I think it's reasonable for both of them to require a cast, even in
  system code.

The implementation of the 'scope' storage class should be fixed. We could then require an unsafe cast(scope) to disable prevention of stack address escaping.

No we can't. f cannot know that the string it has been given is on the stack. So main() must prevent it from being given to f() in the first place. How can it do that? void foo(bool b, string y) { immutable (char)[4] x = "abba"; string s = b ? x : y; f(s); } Make it safe.
 Rust's borrowed pointers may give some hints on how
 to extend 'scope' to fields of structs.

I think it is more fundamental than that.
 As to delete, delete is as unsafe when the involved data is immutable
 as when it is mutable. Why require an additional cast in one case?

This is not about safety. Modifying immutable data breaks the type system. Deleting mutable data does not. AFAIK it is safe to implement delete as a call to the finalizer, followed by setting the memory to T.init. Only the GC can determine if it is safe to reuse the memory. Deleting immutable data just doesn't make sense.
Oct 18 2012
parent reply Timon Gehr <timon.gehr gmx.ch> writes:
On 10/18/2012 10:08 AM, Don Clugston wrote:
 On 17/10/12 18:02, Timon Gehr wrote:
 On 10/17/2012 01:49 PM, Don Clugston wrote:
 ...

 That's the point -- *which* checks are missing from  safe?

Escaping stack data and arbitrarily freeing memory are not operations found in memory safe languages.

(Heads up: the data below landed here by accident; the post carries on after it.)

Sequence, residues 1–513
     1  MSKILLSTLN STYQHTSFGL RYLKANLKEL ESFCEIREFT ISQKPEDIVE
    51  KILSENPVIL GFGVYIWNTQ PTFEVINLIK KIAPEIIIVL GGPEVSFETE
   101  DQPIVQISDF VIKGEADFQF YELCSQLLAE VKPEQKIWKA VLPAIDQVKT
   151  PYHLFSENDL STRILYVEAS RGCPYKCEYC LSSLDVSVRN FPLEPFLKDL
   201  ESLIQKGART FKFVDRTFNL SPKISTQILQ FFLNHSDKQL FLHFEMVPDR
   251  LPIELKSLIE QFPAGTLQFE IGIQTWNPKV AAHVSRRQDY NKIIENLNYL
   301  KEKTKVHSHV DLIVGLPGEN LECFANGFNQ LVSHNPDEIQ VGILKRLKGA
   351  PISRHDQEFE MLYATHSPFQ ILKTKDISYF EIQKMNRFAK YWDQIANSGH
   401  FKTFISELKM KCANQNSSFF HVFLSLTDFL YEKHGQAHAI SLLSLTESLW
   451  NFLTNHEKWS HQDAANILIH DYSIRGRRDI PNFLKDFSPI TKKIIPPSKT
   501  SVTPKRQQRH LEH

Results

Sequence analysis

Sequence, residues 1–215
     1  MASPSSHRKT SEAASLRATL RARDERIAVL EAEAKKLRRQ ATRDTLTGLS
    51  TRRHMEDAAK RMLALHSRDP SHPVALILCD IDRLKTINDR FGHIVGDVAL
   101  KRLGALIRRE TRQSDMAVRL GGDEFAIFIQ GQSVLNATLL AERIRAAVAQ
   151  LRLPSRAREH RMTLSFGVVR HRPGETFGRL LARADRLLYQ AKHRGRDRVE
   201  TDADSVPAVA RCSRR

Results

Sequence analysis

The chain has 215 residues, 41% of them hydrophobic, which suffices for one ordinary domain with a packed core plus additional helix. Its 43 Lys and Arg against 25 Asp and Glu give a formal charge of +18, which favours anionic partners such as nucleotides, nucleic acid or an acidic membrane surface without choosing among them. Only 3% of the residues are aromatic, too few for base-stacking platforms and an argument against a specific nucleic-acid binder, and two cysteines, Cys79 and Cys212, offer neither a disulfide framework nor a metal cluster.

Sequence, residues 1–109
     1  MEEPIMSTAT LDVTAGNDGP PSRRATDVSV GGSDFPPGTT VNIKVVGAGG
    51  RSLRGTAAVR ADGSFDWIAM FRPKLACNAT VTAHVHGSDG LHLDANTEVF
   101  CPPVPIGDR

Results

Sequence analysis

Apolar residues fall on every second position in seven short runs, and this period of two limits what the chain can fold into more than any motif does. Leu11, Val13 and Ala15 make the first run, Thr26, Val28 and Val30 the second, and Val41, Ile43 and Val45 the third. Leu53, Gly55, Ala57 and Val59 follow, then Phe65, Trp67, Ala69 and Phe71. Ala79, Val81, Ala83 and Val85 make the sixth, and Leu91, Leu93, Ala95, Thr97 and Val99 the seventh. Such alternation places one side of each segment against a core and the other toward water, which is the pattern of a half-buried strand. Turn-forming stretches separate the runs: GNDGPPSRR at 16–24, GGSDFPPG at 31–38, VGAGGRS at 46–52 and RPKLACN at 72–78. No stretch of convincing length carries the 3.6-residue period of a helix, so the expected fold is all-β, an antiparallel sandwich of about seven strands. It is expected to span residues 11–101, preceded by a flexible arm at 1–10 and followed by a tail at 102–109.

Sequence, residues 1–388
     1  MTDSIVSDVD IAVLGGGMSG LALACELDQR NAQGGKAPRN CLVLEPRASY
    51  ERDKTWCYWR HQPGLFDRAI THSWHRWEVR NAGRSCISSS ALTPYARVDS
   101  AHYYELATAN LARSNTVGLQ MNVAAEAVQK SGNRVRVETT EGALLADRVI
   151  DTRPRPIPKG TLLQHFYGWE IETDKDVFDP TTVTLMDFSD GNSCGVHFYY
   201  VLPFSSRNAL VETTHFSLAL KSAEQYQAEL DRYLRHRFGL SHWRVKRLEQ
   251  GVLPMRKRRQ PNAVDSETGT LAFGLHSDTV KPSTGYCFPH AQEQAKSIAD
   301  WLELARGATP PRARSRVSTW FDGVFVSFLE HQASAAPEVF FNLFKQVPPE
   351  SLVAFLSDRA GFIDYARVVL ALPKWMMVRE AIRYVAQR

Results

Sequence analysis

HOW do you propose to check for escaping stack data?

Static escape analysis. Use the 'scope' qualifier to designate data that is not allowed to be escaped in order to make it modular.
 ...
 The implementation of the 'scope' storage class should be fixed. We
 could then require an unsafe cast(scope) to disable prevention of stack
 address escaping.

No we can't. f cannot know that the string it has been given is on the stack. So main() must prevent it from being given to f() in the first place. How can it do that?

f can know that it mustn't escape it, which is enough.
 void foo(bool b, string y)
 {
    immutable (char)[4] x = "abba";
    string s = b ? x : y;
    f(s);
 }

 Make it safe.

It is safe if the parameter to f is marked with 'scope'. (and this in turn obliges f not to escape it.) Analyze scope on the expression level. The analysis would determine that x[] is 'scope'. It would conservatively propagate this fact to (b ? x[] : y). Then the local variable 's' will get the 'scope' storage class. In general, use a fixed-point iteration to determine all local variables that might refer to scope'd data and prevent that they get escaped.
 Rust's borrowed pointers may give some hints on how